“O that’s the latin word”

Love’s Labor’s Lost III, 1, 129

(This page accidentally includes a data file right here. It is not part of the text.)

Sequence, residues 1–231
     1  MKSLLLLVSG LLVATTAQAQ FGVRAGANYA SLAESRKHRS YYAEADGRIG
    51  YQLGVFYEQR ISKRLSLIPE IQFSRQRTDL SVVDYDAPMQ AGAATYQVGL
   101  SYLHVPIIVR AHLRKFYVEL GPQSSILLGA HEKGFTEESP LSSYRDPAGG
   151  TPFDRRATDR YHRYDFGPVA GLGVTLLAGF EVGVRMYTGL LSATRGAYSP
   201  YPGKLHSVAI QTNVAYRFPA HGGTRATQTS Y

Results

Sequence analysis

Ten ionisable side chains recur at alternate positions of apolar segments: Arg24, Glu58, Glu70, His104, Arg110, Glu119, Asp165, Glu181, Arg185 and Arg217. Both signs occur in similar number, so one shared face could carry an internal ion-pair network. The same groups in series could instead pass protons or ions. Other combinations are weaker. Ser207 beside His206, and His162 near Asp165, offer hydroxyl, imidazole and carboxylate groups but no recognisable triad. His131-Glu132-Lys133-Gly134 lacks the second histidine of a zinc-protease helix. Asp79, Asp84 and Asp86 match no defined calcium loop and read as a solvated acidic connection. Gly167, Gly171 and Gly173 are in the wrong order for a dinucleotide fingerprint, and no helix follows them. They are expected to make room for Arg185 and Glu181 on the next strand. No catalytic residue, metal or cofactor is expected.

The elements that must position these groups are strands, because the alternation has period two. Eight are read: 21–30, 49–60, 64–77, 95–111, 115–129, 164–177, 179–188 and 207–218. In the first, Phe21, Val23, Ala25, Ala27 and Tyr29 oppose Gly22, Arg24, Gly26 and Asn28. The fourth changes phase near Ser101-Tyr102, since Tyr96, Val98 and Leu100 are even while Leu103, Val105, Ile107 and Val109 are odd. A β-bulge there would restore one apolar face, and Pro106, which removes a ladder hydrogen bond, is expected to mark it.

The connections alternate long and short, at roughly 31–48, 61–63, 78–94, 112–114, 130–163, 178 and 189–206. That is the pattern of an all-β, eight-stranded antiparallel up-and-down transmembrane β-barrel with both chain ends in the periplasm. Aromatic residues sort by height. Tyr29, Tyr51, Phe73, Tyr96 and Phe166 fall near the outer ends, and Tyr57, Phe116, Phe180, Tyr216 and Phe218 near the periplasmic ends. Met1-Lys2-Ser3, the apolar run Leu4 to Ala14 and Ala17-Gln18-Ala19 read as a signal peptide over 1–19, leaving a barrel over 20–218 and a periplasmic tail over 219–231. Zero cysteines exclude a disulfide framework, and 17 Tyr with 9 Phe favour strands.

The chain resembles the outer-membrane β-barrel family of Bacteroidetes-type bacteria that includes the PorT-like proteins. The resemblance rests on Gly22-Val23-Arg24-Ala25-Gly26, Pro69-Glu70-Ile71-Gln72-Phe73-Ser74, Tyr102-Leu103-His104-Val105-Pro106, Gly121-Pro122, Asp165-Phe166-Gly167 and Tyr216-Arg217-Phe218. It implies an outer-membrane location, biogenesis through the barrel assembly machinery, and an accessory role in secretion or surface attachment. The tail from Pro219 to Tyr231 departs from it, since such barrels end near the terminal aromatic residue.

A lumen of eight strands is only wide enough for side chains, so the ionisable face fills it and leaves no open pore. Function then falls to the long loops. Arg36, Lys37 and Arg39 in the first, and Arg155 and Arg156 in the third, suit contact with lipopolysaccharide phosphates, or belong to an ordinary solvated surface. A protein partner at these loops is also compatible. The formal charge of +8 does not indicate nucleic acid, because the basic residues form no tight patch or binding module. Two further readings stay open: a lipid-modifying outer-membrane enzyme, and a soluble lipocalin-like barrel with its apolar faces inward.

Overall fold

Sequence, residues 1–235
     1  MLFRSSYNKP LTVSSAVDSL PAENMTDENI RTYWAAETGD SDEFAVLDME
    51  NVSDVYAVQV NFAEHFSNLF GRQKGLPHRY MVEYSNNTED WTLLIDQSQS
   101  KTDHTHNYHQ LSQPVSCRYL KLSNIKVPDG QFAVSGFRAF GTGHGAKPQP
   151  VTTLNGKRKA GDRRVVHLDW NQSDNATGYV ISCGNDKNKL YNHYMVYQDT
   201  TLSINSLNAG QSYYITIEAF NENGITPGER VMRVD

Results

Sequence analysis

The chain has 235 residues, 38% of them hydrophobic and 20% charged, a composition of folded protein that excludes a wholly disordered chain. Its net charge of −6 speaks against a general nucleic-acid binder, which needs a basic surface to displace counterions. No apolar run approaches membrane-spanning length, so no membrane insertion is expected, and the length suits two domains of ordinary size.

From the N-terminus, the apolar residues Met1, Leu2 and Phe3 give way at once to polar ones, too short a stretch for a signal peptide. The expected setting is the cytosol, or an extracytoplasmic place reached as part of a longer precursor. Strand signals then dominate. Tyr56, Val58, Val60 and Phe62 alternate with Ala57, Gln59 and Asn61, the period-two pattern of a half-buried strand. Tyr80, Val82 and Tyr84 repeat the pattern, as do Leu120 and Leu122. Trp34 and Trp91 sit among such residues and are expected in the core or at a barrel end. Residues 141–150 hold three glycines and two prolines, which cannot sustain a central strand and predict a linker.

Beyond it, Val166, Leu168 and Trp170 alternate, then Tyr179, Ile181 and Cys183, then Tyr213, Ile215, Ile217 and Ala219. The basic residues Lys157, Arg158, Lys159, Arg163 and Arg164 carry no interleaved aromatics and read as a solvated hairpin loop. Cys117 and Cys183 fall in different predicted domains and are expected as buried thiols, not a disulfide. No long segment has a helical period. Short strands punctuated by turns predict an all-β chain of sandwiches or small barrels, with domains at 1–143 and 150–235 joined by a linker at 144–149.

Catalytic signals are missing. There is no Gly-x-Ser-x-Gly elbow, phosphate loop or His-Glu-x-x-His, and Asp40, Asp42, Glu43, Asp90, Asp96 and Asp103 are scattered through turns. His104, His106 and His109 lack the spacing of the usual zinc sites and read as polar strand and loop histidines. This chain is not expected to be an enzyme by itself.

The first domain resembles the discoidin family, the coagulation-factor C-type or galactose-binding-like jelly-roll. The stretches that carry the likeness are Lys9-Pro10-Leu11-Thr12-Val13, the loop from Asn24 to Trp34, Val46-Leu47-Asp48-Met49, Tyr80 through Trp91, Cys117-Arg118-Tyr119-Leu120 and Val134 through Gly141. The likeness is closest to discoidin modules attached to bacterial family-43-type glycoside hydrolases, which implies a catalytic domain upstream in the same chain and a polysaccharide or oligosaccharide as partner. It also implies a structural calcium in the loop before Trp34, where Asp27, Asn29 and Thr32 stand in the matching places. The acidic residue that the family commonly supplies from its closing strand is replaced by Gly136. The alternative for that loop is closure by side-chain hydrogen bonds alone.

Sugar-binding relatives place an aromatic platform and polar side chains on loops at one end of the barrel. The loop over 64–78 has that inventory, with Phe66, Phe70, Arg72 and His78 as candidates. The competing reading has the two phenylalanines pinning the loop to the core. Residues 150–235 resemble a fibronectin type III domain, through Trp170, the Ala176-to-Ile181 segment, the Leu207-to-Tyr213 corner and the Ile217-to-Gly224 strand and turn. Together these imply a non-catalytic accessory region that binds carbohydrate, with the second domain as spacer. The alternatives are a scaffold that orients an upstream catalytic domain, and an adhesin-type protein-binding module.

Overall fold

In an attempt at consistency, the pronunciations in the Shakespeare audio dictionary app are rendered into what is commonly referred to as “restored” or classical Latin. Many Latin words and phrases have entered the English language. Clearly, it is best to pronounce these in the manner with which the audience is most familiar. Thus, while the letter c is always hard in classical Latin pronunciation, names such as Caesar and Cicero should be pronounced as they are commonly sounded in English with the soft c. These pronunciations reflect what is called “Anglicized” Latin, which was the form of Latin pronunciation prevalent in Britain until the end of the 19th century, when a movement arose to “restore” or codify Latin pronunciation. To complicate matters further, there is another form of pronunciation, church Latin, which is Italianate in style, and which some may find to be appropriate for ecclesiastical references or greetings. The greatest problem with the classical pronunciation is the use of the w for the v, producing WAY-nee, WEE-dee, WEE-kee for Caesar’s famous quote “Veni, vidi, vici.” In this case, we have provided a pronunciation more common for American ears, VAY-nee, VEE-dee, VEE-chee, which is church Latin. Readers should feel free, if they prefer, to use the v sound whenever the w sound appears. If a pronunciation is other than classical, we have indicated such in parentheses. We have included blunders and those instances where a character’s incorrect use of Latin suggests a pronunciation. Finally, it might be good to remember that, in the words of A Dictionary of Latin Words and Phrases, “anything goes” in the pronunciation of Latin.